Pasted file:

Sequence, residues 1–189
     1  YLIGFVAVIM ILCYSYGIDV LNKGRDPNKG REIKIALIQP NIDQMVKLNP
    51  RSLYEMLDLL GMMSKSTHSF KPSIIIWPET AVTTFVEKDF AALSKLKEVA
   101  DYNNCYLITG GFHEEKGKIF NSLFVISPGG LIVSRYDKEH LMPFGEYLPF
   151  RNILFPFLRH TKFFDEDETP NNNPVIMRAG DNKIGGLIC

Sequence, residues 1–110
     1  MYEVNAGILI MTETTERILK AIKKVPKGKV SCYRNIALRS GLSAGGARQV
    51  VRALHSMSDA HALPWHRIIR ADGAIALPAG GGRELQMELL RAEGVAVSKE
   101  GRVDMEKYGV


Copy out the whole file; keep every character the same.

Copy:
Sequence, residues 1–189
     1  YLIGFVAVIM ILCYSYGIDV LNKGRDPNKG REIKIALIQP NIDQMVKLNP
    51  RSLYEMLDLL GMMSKSTHSF KPSIIIWPET AVTTFVEKDF AALSKLKEVA
   101  DYNNCYLITG GFHEEKGKIF NSLFVISPGG LIVSRYDKEH LMPFGEYLPF
   151  RNILFPFLRH TKFFDEDETP NNNPVIMRAG DNKIGGLIC

Sequence, residues 1–110
     1  MYEVNAGILI MTETTERILK AIKKVPKGKV SCYRNIALRS GLSAGGARQV
    51  VRALHSMSDA HALPWHRIIR ADGAIALPAG GGRELQMELL RAEGVAVSKE
   101  GRVDMEKYGV